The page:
Gender equity advocacy gets a voice in campus podcast. Meet the two students behind it and how they got started.

Thursday, April 1, 2021 Gender equity advocacy gets a voice in campus podcast. Meet the two students behind it and how they got started.

Lizzy Lavin gestures with her hands while recording an episode of the podcast "What You Missed At The Women's Center" with co-host Syrah Andrews. [photo by Mike Jackson | Student Affairs]

by Kirsten Wandrey  |  Student Affairs


"That's What You Missed at the Women's Center" is a podcast all about gender equity and becoming an advocate within the local community. Topics are focused on aspects of intersectionality and the different ways gender issues can affect all groups of people. The podcast drives home the Women's Center student employees Syrah Andrews and Lizzy Lavin are cohosts who have been involved with the podcast since they first discovered the initial idea.

Andrews and Lavin came up with the idea for a podcast while they were talking about current events during work, and the pair decided it would be beneficial for the university to have a podcast generating conversation about what's going on in the Lincoln community.

Lavin pitched the idea to the Women's Center advisors, and once the podcast was approved the second host position was open to any other employee in the center. Since Andrews and Lavin have similar schedules and were both involved in the initial idea, Andrews agreed to come onboard as the other co-host.

"It worked out very naturally for us to co-host together. We have great conversations in the office and thought it would carry over well to the podcast realm," said Andrews.

Episodes are released biweekly on Fridays, and range from 10 to 15 minutes long. So far, four episodes have been released: Sexual Health During a Pandemic; Supporting Women of Color in Academic Spaces; Being an Activist in Nebraska; and Strong Women in RSO Leadership. Listeners can access all episodes on Spotify.

Whenever their schedules align, Andrews and Lavin meet to record that week's podcast. Once they finish their conversations and analysis, the Women's Center's assistant director Stephanie Alderson listens through for pieces to cut or change to produce the episode's length and clarity. Stephanie's husband, John, then edits together the final product. The entire editing process takes anywhere from one to four hours.

"It has been such an interesting project to oversee, and I’m glad we were able to make it happen," said Alderson, "I think that it’s really important for us to reach students in innovative ways that are relevant and will catch their attention."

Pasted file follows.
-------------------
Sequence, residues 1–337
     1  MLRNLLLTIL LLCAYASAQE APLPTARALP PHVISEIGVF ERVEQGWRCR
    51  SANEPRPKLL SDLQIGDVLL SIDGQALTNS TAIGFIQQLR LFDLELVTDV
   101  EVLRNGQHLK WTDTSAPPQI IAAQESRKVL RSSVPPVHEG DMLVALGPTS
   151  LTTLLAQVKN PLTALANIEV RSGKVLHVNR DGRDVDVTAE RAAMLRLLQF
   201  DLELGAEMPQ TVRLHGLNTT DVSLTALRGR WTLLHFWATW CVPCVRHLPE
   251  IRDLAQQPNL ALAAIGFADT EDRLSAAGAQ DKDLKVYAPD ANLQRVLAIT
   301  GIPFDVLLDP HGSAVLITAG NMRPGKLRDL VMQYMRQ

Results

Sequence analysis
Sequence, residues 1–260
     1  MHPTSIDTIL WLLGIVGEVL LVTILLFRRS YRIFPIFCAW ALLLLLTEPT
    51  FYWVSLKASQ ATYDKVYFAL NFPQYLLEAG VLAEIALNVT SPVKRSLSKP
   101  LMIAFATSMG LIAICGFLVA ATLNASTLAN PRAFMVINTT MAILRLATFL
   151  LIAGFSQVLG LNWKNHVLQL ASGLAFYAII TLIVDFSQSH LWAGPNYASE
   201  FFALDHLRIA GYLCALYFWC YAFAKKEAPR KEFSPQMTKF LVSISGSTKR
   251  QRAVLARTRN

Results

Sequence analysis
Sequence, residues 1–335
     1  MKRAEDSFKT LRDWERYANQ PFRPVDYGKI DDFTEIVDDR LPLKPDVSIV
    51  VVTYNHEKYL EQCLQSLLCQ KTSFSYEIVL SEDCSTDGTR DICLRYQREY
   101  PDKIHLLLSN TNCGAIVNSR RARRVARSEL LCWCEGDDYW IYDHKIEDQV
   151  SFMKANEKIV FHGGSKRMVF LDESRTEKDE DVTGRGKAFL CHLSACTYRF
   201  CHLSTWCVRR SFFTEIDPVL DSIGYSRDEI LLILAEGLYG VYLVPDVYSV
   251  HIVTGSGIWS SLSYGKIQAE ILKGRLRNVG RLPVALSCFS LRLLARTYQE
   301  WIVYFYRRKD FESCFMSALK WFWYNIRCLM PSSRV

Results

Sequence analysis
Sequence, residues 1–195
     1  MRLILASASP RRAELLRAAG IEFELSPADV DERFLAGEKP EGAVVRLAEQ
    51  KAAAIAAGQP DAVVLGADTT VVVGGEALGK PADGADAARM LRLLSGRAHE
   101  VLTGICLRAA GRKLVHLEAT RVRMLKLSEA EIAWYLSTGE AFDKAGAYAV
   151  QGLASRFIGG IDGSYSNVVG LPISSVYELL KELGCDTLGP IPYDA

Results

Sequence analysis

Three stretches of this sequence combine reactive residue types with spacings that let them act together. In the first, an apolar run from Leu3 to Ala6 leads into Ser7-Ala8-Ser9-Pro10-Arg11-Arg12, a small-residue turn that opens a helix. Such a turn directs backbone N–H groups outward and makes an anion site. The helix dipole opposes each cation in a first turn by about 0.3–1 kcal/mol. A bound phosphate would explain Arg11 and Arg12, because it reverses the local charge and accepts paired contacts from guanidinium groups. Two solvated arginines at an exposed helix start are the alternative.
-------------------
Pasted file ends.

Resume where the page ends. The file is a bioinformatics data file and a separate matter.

The tone of each episode can be described as conversational yet informative, as Andrews and Lavin talk like old friends and open up an inclusive dialogue while encouraging listeners to form their own opinions.

One goal of the podcast is to allow another avenue for developing knowledge on gender equity and advocacy. Not everyone can make it to each event put on by the Women's Center, but everyone can listen to a short podcast on their own time.

"Our episodes are something you could listen to while walking to class. Even though we target the campus community, it is created so anyone can glean information from it," said Lavin.

Andrews, a junior Secondary Math Education major from Omaha, loves doing the podcast because it sparks conversation about intersectional feminism and encourages others to practice everyday activism.

"My passion for gender equity stems from my upbringing, as my mom is a very powerful woman and she taught me to challenge gender roles," said Andrews, "My passion for social justice stems from my involvement in forensics in high school, when I was opened up to so many of the issues our world faces."

In addition to hosting the podcast, Andrews enjoys spending time outdoors and has a wide range of hobbies, including playing guitar, knitting, and painting.

Lavin's overall goal for the podcast is to form a tight-knit sense of community among listeners.

"We want to have these conversations with our community because activism can happen here too. We hope to spread information that can help someone be an activist in their local communities," said Lavin.

Lavin is a junior English and Women's and Gender Studies major from Lincoln. In her free time, she loves to bake, spend time with her cat, go on walks and hang out at the Women's Center.

The next episode is about DACA and Dreamers in Nebraska, slated for release on April 9, 2021.

Together, the pair hopes to create conversation within the UNL community on women's issues, and encourage listeners to advocate for gender equity in all aspects of society. The podcast is intended to call upon listeners to confront the truth of our world and how it fails to include everyone in the community. Andrews and Lavin value intersectionality at all times, and as they create a digital space where people of all identities are considered, they stay true to one of their main points: no one fights alone.



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